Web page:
By Justin Boron
It could be a mano a mano over the commuter rail.
As part of a town hall meeting, Synamon Baldwin, the organizer for a coalition of neighborhood associations in Clayton County, has invited County Commission Chairman Eldrin Bell and Commissioner Wolé Ralph to a debate on the issue.
The two are at odds over whether the county should fund the planned train's operating deficit estimated to be $4.5 million once grant funding dries up in about 5 years.
The meeting would come one day before state transportation officials will hear arguments on either side of the issue. It is scheduled to take place 7 p.m. Tuesday at the National Archives Southeast Region facility in Morrow.
But the showdown may not happen.
Baldwin said she sent an invitation letter to Bell and Ralph.
While Ralph indicated he is open to some sort of public discussion or debate of the issue, Bell said the letter has yet to come across his desk.
Ralph said he would be there regardless.
But he also said he would like to hear more explanation from Bell.
"The property taxpayers are not willing to take a chance on paying an operating deficit based on imaginary tourism and hopes for federal funding. I look forward to hearing a more substantive solution," Ralph said.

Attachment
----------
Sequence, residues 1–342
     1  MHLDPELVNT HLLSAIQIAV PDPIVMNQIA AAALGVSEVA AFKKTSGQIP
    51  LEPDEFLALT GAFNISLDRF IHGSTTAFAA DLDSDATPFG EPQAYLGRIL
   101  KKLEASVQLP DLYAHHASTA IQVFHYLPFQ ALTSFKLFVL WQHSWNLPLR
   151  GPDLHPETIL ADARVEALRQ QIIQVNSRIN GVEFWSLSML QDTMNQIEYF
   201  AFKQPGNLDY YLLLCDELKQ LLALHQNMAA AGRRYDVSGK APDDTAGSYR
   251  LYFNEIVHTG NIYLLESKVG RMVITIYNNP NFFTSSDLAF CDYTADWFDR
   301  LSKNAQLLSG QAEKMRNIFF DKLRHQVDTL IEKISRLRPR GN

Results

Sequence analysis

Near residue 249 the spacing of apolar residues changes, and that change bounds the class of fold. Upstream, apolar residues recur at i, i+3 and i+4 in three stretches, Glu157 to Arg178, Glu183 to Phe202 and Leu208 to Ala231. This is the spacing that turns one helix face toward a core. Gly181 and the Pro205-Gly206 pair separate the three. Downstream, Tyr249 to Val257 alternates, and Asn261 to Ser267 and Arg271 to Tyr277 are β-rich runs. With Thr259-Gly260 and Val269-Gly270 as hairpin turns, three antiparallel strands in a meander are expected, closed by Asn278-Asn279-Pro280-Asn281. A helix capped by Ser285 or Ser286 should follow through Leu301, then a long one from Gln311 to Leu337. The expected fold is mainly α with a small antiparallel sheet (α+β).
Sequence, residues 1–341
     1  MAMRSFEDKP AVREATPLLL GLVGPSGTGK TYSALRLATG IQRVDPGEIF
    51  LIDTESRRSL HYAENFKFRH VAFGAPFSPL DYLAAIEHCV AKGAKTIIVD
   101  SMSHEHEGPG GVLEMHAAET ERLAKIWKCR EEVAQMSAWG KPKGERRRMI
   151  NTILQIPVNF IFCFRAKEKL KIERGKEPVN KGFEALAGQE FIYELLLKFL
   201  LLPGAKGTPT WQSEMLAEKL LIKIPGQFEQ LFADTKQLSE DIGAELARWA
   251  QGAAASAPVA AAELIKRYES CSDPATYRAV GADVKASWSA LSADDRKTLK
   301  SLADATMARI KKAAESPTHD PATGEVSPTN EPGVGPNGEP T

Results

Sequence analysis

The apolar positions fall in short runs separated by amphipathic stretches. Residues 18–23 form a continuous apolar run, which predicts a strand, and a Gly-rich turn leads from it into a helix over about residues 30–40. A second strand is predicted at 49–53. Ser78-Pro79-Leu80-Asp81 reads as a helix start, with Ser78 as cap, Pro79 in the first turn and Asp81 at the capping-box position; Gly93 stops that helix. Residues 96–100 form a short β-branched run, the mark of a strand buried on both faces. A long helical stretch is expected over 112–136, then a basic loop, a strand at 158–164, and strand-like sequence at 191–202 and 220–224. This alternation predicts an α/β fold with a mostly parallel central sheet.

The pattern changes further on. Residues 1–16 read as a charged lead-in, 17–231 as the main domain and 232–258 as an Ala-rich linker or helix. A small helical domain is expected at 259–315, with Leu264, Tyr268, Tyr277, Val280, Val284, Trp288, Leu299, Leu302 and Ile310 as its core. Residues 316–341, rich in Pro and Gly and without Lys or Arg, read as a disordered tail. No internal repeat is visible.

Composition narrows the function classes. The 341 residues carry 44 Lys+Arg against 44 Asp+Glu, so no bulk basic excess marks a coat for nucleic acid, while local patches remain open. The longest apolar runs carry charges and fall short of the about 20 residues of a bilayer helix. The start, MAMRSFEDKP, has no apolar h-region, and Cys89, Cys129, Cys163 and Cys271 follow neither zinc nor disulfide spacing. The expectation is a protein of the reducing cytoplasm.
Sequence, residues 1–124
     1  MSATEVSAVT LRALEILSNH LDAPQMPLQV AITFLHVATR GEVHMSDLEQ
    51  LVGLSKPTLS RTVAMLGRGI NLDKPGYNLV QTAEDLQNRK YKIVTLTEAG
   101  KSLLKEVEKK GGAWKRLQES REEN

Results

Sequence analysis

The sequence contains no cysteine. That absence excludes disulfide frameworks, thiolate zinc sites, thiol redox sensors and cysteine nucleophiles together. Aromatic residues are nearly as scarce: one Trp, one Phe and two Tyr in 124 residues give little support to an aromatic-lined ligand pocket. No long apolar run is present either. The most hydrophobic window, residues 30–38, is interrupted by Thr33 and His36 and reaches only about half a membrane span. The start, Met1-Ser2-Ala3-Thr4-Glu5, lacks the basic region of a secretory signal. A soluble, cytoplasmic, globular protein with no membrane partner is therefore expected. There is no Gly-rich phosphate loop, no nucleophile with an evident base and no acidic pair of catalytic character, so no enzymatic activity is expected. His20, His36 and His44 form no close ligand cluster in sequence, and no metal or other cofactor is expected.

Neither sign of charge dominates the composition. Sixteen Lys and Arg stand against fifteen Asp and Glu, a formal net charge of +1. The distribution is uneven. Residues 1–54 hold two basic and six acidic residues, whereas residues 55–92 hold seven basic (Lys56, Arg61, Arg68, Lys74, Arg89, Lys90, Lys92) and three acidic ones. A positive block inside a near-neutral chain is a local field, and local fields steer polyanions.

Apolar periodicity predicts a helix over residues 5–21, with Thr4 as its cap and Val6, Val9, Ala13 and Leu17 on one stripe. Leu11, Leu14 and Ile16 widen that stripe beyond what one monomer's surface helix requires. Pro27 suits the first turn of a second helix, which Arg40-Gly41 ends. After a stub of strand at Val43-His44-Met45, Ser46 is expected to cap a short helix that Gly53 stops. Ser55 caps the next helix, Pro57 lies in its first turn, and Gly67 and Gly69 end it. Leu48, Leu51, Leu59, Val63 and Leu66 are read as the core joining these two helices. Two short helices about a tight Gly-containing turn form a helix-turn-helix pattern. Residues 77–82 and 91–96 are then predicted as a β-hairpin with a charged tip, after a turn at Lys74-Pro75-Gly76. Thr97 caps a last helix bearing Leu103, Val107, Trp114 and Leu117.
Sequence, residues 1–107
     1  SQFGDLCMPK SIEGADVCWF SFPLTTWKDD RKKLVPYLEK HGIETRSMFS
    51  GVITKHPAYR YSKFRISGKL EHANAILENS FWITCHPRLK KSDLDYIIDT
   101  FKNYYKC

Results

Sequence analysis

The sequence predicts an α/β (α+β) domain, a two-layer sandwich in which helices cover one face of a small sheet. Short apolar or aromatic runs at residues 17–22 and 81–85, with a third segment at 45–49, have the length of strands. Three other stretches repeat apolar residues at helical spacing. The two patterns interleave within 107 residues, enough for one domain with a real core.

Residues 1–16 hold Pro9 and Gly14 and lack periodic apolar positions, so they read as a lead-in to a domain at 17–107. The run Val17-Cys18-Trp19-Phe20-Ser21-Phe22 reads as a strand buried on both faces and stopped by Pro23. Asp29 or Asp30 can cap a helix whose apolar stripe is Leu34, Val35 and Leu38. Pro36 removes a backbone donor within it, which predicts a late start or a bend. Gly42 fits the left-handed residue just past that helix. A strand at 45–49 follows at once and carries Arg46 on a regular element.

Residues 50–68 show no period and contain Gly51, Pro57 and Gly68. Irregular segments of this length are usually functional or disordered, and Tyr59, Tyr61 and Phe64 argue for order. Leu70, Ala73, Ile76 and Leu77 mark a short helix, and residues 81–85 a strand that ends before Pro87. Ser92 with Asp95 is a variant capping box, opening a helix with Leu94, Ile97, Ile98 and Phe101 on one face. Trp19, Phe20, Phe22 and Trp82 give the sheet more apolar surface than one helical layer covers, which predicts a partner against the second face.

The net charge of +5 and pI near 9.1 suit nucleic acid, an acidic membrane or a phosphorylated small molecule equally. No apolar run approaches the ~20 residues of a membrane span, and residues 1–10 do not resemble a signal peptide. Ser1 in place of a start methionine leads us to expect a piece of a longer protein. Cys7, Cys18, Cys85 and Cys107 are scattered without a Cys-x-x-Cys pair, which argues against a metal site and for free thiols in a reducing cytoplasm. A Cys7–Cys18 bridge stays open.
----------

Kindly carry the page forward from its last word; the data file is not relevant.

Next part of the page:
Bell said that he does not want the burden of the operating deficit to fall on taxpayers and would be pursuing alternative forms of funding.
He also has proposed using the train service to create a "Heritage Trail." Bell said the trail would foster a wide range of tourism opportunities from Civil Rights to the Civil War. It would be marketed to conventioneers in Atlanta.
Opposition to the rail's funding plan emerged after the county commission agreed in July to work a deal with the Georgia Department of Transportation to pay operating and maintenance costs. Ralph, a proponent of the rail concept but not the funding plan, dissented in the vote.
Ralph has advocated letting the public decide through a direct vote whether the county should fund the project.
State Sen. Valencia Seay, who also says she supports the rail concept but criticizes the funding plan, has proposed a bill for the state legislative session beginning in January next year that would require the public vote.
Bell said he doesn't think a referendum is necessary because he already had an implied mandate through election.
"The people elected officials on this notion," he said. "And that to me is a referendum to do it."
He also called those who are fighting the issue of how the rail is funded politically motivated and "short-sighted."
"It's political, and I don't think the taxpayers deserve it," he said.
The town hall meeting also will allow the neighborhood group to add to its list of 2,000 letters, Baldwin said, it plans to forward to the Georgia Department of Transportation Intermodal Committee.
She said the letters' signatories don't oppose the rail, just the plan to apply local funds to the project.
"We would be happy to see the train, especially if does all the magnificent things that it's supposed to do," she said.